3. Test

For bigger joint ventures you can test them out. Have a meeting and have some small assignments that everyone needs to do before meeting again. And see if they actually do the task. If they don’t, do you expect them to meet deadlines?

Buy one of their products and see what the experience was like. Don’t tell them you’re doing this so you get a real response. You can have someone else buy it for you so you don’t get any special treatment.

4. Stay involved

If you are the big wig in the joint venture and just show up and draw the crowd don’t just do that. Stay involved in the business especially big decisions. Your partner could make a big purchase or commitment that is a business killer if you don’t stay involved. Make sure any money decisions over a certain amount require your approval. Have regular status update phone meetings and just make sure everything is running smoothly. It’s a big deal, a big lesson, stay involved.

5. Ask for a contract

If you ask for a contract or letter of agreement and they don’t care that’s a clue. If you’re very good friends with them and it’s a one-time email JV that’s one thing, but for someone new something in writing is needed. I do contracts for everyone including family and friend, actually especially family and friends.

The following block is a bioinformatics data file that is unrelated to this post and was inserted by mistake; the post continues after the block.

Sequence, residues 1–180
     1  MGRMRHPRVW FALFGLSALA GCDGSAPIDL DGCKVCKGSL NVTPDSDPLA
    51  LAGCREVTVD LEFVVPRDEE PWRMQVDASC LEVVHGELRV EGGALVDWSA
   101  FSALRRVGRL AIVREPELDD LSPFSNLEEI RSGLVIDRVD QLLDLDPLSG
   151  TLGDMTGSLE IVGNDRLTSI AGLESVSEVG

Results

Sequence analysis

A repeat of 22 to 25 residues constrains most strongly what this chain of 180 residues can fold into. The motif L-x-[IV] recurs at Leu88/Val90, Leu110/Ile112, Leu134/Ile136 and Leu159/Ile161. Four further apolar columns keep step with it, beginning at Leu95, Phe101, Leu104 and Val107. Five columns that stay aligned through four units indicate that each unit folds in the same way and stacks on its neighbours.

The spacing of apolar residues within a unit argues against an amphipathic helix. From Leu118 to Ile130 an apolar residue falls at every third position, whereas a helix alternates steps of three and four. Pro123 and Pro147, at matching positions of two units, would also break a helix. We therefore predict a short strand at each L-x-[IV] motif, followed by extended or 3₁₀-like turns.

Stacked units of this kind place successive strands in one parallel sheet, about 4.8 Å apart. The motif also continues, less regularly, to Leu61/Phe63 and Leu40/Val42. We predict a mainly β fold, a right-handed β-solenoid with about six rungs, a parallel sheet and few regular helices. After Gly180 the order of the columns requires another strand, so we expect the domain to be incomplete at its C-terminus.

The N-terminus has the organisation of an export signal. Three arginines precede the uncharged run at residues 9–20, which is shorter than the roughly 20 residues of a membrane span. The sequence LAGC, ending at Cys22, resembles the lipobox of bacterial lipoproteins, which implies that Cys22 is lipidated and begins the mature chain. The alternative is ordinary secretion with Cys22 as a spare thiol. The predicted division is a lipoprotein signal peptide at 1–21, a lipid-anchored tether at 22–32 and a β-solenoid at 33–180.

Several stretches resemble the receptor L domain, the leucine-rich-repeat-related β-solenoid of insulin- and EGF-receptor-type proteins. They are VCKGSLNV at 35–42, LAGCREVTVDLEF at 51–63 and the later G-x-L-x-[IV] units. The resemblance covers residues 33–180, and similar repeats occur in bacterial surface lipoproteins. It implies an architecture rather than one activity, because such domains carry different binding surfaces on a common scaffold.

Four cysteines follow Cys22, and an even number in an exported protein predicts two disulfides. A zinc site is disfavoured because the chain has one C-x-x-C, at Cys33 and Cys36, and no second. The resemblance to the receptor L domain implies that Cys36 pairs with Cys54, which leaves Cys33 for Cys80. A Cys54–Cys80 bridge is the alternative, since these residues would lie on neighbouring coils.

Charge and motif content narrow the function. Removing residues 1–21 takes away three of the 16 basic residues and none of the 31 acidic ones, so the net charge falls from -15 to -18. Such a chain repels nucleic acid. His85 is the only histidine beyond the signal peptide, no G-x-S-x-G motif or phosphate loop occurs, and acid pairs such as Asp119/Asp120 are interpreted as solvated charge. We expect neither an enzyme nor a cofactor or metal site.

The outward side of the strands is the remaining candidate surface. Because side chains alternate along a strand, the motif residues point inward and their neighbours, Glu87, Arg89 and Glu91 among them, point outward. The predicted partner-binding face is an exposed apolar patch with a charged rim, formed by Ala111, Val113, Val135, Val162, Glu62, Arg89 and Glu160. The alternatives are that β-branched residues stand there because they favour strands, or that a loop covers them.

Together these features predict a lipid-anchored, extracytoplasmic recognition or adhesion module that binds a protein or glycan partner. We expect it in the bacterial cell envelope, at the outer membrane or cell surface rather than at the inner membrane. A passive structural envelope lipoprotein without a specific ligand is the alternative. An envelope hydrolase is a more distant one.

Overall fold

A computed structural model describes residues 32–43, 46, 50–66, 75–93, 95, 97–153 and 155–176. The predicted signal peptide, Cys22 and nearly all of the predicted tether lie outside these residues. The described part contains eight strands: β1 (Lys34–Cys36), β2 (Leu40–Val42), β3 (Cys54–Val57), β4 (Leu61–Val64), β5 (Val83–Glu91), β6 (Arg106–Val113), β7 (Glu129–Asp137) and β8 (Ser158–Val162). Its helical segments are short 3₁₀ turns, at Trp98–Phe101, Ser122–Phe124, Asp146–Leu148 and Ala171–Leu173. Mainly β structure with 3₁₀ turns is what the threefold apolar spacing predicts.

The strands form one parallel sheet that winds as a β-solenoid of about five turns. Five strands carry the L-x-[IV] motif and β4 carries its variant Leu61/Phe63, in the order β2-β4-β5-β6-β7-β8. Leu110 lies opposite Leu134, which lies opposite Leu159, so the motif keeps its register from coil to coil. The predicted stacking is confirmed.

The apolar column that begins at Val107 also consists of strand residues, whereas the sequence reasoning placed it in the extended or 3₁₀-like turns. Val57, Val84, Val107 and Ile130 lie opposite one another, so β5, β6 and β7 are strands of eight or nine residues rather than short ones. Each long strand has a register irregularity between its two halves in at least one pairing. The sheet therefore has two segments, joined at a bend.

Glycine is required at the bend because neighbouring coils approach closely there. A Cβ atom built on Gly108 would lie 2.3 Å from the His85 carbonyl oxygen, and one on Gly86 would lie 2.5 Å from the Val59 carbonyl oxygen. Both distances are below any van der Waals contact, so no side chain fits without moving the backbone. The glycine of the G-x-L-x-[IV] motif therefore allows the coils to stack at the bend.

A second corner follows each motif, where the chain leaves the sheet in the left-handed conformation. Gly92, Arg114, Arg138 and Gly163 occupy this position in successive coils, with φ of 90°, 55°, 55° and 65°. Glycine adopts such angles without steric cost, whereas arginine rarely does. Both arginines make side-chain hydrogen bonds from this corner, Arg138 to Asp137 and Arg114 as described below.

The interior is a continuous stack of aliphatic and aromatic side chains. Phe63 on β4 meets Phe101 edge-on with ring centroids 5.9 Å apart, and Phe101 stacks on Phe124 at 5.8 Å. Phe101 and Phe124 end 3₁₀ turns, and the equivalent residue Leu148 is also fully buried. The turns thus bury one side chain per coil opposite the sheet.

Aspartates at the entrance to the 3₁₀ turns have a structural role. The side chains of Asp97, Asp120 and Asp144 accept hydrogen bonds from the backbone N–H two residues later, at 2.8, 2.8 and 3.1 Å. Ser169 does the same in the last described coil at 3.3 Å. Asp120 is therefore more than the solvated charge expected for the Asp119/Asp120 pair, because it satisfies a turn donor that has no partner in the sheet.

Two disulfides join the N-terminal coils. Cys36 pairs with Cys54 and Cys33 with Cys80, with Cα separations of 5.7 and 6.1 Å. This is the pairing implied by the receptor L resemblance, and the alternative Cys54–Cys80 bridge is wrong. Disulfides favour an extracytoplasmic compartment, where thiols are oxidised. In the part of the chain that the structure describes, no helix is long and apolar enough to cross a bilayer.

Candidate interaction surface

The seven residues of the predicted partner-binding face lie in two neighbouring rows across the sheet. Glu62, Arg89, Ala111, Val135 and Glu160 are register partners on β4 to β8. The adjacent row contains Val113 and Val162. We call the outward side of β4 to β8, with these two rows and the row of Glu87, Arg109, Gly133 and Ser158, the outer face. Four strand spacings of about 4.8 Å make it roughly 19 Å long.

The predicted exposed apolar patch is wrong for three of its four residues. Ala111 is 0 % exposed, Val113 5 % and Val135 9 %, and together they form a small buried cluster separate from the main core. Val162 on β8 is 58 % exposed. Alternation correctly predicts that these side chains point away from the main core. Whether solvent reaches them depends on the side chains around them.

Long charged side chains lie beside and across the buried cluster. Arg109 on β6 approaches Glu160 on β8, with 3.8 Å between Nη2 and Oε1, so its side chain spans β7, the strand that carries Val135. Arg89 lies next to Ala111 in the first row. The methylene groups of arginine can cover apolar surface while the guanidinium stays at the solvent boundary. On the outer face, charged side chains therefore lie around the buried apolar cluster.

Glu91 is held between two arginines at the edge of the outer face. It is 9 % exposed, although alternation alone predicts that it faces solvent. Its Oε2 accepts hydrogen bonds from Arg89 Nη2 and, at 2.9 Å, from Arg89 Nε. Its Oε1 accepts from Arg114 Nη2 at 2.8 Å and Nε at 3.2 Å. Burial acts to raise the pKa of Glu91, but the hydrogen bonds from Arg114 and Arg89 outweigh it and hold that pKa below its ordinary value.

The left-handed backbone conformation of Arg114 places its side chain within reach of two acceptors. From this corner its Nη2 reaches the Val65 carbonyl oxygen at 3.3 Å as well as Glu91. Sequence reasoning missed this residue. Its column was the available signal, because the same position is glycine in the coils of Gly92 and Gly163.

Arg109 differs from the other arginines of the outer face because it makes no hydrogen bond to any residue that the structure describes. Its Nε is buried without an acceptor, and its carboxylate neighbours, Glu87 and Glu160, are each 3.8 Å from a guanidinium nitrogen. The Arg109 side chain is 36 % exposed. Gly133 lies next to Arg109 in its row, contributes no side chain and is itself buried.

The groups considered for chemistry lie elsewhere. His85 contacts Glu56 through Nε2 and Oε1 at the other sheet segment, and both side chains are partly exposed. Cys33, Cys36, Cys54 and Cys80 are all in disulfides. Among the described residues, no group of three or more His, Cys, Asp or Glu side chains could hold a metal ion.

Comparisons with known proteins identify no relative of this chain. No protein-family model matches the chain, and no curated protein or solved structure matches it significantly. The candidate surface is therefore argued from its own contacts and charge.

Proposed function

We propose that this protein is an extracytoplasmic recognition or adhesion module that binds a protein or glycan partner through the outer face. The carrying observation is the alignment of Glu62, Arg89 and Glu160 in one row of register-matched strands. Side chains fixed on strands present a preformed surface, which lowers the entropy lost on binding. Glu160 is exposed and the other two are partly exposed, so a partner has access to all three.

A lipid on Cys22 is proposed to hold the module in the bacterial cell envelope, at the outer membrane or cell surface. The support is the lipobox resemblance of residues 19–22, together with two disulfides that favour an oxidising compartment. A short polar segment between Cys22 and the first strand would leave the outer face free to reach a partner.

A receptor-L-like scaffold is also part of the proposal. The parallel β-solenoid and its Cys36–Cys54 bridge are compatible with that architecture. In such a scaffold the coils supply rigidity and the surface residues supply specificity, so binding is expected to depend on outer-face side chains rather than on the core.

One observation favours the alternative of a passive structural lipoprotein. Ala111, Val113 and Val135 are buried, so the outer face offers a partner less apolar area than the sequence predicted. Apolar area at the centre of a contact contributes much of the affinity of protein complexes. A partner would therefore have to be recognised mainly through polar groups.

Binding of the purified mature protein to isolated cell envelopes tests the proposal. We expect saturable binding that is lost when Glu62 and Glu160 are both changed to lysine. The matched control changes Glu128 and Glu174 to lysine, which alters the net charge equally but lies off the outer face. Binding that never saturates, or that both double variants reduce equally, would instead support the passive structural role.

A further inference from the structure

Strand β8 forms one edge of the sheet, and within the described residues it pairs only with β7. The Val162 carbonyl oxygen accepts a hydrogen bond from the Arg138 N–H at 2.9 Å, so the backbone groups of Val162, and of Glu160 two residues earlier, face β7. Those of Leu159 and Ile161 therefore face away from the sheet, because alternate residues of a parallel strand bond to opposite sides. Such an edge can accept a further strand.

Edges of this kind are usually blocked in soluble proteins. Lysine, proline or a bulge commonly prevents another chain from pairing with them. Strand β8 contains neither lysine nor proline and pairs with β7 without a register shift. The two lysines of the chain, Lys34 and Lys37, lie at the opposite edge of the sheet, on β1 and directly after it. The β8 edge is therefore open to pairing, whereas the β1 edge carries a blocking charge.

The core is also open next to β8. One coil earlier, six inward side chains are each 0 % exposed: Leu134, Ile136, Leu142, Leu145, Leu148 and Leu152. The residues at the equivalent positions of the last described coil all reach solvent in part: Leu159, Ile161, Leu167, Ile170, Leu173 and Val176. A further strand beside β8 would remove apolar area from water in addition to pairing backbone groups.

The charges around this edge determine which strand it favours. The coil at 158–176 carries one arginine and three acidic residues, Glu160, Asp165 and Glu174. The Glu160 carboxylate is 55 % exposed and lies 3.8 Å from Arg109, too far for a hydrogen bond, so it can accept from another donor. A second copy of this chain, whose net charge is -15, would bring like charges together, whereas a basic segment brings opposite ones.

For bigger JV’s you may want a non disclosure agreement (NDA). Is your partner okay with that? Do you really think they won’t blab all over the town (hell the world) details you don’t want disclosed. If you don’t trust them even with a NDA why are you going to do business with them?

Most of my mastermind think even for long-term JV that forming a new LLC or corporation isn’t needed or wanted. You can do any type of dealwith just contracts between companies. One mastermind member thinks starting off with a JV contract and then if it’s working well spinning it off to a LLC is necessary. Just remember it’s not needed but it does help in some legal and expenses aspects. See a Lawyer and CPA about the details. Can’t afford that then you really should just stay with a JV contract or letter of agreement.